Benefit being held for child with chromosomal disease
It will likely be either January or February when 6-month-old Jackson Prellwitz has his next open-heart surgery. Jackson was born with 22q11.2 deletion syndrome, where a small piece of a chromosome is deleted. One of his symptoms is a congenital ...
It will likely be either January or February when 6-month-old Jackson Prellwitz has his next open-heart surgery.
Jackson was born with 22q11.2 deletion syndrome, where a small piece of a chromosome is deleted.
One of his symptoms is a congenital heart defect, for which he has already needed multiple surgeries. He will need surgery throughout his life.
“We had some pretty big issues right off the bat,” said Jackson’s father, Tyler Prellwitz.
A benefit is being held for Jackson and his family -- parents Tyler and Jamie, as well as brother Joseph -- at 5 p.m. today at Lady J’s Club in Dickinson. It includes a free-will donation meal of Indian tacos, and will feature a baked goods auction, a silent auction and a live auction.
Symptoms of Jackson’s disease vary greatly. According to The International 22q11.2 Foundation Inc.’s website, it is thought to be almost as common as Down syndrome.
It is not technically a genetic disease, so the risk of it passing on to any other children the Prellwitzes decide to have is small.
Still, that does not help Jackson’s situation.
Along with heart issues, Jackson also has a submucous cleft palate, as well as immune deficiencies.
Tyler said the family has had to make multiple trips to the Mayo Clinic of St. Mary’s Hospital in Rochester, Minn., where Jackson is overlooked by a team of specialists. They also have to go back and forth to Bismarck.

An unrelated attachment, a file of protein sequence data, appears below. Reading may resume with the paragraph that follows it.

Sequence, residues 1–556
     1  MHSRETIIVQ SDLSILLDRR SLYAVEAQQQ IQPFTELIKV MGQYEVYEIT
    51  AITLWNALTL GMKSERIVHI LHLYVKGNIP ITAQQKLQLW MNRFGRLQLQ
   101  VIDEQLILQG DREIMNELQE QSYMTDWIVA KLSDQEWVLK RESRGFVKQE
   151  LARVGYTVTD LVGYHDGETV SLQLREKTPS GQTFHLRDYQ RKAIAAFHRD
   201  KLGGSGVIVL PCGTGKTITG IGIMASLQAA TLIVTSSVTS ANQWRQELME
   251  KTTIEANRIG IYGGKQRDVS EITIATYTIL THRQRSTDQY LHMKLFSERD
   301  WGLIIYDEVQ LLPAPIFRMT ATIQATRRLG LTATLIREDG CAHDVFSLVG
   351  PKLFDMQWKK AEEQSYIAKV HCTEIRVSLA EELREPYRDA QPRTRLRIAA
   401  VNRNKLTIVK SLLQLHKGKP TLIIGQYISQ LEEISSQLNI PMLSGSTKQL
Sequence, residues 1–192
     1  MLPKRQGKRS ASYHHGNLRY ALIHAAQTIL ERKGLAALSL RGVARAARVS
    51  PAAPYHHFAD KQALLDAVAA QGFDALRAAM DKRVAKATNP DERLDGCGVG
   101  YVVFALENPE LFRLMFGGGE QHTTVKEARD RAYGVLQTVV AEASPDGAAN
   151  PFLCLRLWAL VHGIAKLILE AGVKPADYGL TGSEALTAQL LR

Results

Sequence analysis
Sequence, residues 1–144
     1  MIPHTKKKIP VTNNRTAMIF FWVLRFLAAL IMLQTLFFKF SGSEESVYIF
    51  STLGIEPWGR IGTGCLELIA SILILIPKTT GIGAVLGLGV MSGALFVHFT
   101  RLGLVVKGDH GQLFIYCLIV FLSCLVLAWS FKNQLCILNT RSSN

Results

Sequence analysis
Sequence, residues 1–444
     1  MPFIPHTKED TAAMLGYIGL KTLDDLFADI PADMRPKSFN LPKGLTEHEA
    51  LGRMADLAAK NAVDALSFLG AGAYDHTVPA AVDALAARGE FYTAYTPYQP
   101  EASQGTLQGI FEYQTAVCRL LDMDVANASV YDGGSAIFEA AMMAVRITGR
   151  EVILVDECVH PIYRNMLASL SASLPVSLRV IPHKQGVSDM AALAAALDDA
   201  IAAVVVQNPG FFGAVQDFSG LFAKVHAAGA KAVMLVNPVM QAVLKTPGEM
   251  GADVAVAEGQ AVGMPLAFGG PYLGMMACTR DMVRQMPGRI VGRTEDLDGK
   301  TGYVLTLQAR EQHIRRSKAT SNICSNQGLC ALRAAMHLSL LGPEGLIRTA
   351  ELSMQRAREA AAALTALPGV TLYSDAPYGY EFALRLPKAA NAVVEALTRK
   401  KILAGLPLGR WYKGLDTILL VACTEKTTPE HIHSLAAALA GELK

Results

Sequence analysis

With all this, he said the costs mount.
Paula Schaper is on a committee organizing the benefit. She is also Jackson's aunt.
“Several of us took different parts,” she said about the planning process.
She said it was a disease that many people don’t take note of until it happens to someone in their family.
“He’s going to have several health challenges along the way,” Schaper said.
She said students at Heart River Elementary School in Dickinson, where Jamie is a teacher, have played a big hand in the benefit by creating themed baskets that can be auctioned off. There was one for chocolate lovers, she said, as well as a grilling-themed one.
“I can’t say enough about how Heart River has really become behind this family,” Schaper said. “That part was just unbelievable.”
Silva Barton, a teacher at Heart River who helped organize the school’s support for the Prellwitzes, said there were 12 baskets that different classrooms had put together.
“Each classroom had a theme, and the children had a basket related to that theme,” Barton said.
She said the materials were donated by the children and their families.
“The teachers put some money into all the baskets, too,” she said, adding that she expects several of them to make it to the benefit.
Tyler said he was definitely grateful for the support shown by the community thus far.
“It’ll definitely help us out,” Tyler said of what money could be raised at the benefit.
Despite all this, Tyler said Jackson and his family have been “pretty fortunate.” There are other symptoms of the disease, including digestion issues, which have not been detected in Jackson.
Tyler said he knows of another child who passed away from the disease not too long ago.
“We definitely count our blessings,” he said.